Monday, August 15, 2005

9/11-20 Hindsight


Anybody that has lived more than 5 years in the U.S. that reads or understands English knows the phrase “hindsight is 20-20.” The 9/11 Commission, their Report, and all of the Able Danger controversy swirling around it all deal in hindsight. Here’s a tip, one that I try to apply in my daily business life: I don’t care whose fault it is – the task still needs to be completed.

People on both sides of the aisle are all-too-eager to point fingers of blame. The Bush Administration was at fault. The Clinton Administration was at fault. Maybe. Maybe not. Maybe both.

I will tell you who was perhaps MORE at fault than any specific governmental agency or official, though: U.S. citizens.

Our leaders are placed where they are by us. They reflect our values, just as they should. Quite simply, there was no mandate for allowing military intelligence and law enforcement to work together. It had never occurred to average U.S. citizens that a militant religious group would want to stage suicide attacks in which they would kill as many Americans as possible. 60 years without a direct threat to one’s survival tends to make one forget about safety and security.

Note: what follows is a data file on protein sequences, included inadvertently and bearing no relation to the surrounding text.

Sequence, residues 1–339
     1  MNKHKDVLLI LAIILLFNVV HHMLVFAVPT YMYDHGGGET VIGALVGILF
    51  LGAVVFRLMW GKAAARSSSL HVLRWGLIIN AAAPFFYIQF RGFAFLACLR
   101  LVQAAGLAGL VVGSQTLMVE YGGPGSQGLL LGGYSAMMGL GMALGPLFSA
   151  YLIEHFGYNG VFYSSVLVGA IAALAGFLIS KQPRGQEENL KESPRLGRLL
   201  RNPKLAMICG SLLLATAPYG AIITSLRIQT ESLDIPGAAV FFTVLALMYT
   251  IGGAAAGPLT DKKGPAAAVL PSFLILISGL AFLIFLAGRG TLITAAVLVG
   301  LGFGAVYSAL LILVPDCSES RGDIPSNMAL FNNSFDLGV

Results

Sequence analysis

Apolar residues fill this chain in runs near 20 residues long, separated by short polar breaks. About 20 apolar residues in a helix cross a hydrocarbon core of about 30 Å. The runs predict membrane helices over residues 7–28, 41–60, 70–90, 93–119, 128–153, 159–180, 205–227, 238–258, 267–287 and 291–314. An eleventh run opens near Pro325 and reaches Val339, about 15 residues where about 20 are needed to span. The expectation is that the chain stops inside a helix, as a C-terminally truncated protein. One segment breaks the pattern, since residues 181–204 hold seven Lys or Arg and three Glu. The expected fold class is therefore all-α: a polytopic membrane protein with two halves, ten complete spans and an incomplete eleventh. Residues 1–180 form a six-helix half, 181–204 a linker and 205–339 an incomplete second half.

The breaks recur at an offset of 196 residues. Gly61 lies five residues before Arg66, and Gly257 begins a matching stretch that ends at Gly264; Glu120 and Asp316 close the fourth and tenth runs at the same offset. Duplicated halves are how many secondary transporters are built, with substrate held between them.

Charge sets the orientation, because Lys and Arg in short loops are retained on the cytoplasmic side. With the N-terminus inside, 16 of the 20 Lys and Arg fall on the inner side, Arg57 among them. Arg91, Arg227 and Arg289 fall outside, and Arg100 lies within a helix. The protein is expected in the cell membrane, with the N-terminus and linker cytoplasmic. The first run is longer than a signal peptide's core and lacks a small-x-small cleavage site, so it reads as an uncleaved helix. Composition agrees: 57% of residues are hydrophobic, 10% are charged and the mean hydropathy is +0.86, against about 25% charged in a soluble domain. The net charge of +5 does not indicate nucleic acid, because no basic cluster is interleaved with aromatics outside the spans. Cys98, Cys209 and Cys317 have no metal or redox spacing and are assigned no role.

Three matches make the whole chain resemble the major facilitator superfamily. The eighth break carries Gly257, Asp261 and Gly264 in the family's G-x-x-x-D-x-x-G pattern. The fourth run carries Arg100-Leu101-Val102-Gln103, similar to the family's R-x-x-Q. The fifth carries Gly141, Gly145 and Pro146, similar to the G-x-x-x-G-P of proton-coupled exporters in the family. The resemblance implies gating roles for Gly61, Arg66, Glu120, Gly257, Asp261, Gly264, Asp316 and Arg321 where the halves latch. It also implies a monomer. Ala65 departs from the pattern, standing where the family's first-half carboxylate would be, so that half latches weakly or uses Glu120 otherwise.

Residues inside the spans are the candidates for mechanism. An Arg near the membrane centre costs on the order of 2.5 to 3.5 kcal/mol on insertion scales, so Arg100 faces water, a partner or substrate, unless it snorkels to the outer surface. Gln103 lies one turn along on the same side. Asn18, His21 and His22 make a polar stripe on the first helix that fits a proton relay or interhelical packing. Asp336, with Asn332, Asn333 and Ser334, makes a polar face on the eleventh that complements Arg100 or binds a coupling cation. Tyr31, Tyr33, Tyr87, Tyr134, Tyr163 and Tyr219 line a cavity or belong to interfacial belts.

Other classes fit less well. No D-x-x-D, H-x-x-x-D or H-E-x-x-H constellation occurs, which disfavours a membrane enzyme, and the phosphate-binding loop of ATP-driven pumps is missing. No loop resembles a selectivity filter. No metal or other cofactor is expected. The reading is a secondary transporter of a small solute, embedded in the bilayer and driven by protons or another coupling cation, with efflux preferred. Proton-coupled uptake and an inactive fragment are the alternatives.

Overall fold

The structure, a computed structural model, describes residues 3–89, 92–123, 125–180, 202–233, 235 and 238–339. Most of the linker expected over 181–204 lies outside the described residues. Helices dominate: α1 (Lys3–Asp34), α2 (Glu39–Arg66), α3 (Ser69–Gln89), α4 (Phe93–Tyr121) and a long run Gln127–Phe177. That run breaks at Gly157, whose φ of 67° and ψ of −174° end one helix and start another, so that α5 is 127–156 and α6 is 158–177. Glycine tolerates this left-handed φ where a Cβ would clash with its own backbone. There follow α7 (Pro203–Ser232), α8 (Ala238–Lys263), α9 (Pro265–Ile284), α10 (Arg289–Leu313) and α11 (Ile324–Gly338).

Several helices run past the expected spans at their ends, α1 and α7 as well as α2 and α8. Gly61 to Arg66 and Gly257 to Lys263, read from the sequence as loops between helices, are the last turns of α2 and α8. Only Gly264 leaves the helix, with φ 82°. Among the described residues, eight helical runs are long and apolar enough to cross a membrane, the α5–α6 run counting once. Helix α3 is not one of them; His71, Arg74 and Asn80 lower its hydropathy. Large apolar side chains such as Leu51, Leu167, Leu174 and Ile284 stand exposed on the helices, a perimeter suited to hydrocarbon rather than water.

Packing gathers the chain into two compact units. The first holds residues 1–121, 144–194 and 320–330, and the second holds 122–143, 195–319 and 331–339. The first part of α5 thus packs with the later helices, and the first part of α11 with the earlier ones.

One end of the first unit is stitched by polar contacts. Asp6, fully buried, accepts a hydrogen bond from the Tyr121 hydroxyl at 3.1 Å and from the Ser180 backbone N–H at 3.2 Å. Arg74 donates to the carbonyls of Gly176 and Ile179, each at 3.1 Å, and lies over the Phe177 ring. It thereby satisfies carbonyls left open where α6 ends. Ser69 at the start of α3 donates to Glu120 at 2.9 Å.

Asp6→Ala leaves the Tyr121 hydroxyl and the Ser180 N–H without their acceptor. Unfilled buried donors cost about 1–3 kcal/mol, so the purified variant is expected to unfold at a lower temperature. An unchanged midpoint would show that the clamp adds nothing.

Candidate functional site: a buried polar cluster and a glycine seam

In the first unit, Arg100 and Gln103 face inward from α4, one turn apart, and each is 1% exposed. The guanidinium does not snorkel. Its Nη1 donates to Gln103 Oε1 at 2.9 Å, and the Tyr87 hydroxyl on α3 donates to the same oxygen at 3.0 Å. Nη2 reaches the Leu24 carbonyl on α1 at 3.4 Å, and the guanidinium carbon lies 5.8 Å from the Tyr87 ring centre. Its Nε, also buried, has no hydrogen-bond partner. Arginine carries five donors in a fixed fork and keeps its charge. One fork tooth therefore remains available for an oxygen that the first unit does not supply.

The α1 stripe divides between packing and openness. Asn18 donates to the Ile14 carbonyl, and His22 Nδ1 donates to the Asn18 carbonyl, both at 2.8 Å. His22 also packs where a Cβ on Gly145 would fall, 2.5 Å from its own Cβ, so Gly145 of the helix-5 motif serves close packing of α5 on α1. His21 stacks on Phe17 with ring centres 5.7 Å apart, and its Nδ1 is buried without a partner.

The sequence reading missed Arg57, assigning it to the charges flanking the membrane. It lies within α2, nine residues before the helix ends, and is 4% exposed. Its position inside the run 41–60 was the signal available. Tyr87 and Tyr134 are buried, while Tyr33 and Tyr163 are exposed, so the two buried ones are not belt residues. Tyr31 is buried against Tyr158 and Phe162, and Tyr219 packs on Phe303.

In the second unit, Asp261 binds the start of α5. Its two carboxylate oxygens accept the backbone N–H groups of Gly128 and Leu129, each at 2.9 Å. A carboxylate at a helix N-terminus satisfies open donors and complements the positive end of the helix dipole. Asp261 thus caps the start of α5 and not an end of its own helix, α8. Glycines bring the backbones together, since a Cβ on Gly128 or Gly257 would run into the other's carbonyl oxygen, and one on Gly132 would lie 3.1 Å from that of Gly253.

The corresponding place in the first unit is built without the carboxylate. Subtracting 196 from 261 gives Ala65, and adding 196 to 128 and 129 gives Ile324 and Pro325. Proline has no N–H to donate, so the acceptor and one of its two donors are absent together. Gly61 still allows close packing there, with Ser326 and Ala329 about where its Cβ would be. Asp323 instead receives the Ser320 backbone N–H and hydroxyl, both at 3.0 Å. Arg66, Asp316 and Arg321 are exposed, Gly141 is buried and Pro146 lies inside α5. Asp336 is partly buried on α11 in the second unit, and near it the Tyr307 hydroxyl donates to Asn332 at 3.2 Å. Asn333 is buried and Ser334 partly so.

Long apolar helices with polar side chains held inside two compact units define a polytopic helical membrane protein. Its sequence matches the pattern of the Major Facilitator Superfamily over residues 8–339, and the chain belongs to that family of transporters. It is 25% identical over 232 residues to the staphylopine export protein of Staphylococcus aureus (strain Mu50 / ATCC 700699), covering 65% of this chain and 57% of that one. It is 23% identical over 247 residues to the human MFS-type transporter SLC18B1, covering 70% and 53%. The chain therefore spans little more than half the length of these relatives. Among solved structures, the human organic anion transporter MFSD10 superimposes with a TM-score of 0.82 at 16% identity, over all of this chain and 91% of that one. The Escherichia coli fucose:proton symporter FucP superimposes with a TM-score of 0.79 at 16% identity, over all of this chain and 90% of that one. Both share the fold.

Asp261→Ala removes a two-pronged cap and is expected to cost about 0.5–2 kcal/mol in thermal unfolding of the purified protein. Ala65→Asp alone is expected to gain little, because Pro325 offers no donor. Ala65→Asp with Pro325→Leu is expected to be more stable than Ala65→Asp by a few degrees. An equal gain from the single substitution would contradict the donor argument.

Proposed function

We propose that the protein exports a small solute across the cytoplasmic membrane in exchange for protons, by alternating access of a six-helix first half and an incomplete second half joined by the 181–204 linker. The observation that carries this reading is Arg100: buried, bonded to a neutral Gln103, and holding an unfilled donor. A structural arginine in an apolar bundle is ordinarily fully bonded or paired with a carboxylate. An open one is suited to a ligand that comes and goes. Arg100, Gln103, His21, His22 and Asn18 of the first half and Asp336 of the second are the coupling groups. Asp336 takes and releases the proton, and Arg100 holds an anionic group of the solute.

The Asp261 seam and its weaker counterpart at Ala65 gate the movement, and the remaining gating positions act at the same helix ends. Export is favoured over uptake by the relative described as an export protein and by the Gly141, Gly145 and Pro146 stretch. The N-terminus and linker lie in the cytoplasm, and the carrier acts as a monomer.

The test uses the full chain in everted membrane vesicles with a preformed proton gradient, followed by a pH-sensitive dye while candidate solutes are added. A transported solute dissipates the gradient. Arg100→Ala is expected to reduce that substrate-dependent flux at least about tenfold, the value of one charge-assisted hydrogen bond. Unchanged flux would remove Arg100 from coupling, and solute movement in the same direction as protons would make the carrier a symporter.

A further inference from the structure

9/11/2001 was one of those turning points in American History where our fundamental concept of what we value changes. In a world where hundreds of thousands of people can be vaporized without warning in a split second it’s now easy to see that military intelligence and law enforcement should work together, that a more holistic approach to American defense is necessary. But such a thing simply hadn’t entered our minds; individual privacy was more important than group threat assessment. What we got for our lack of sociological foresight was over 3000 dead, human sacrifices at the altar of the god of Tolerance.

Before we point fingers at anybody else, especially political ones, we should first examine ourselves. What would have been the public reaction if the Patriot Act had been passed in 1998? You know the public would have screamed about privacy issues. Islamic Militants have been around a long time – we just didn’t want to take them seriously. Perhaps it was some updated, politically-correct version of prejudging “those poor third-world savages.”

Our policy of providing security for ourselves has been primarily reactive for the past 60 years. But times change – new circumstances force us to be proactive. We weren't psychologically or sociologically ready to address a threat to our survival, and we paid dearly for it.

I still don’t care whose fault it is – the task still needs to be completed.

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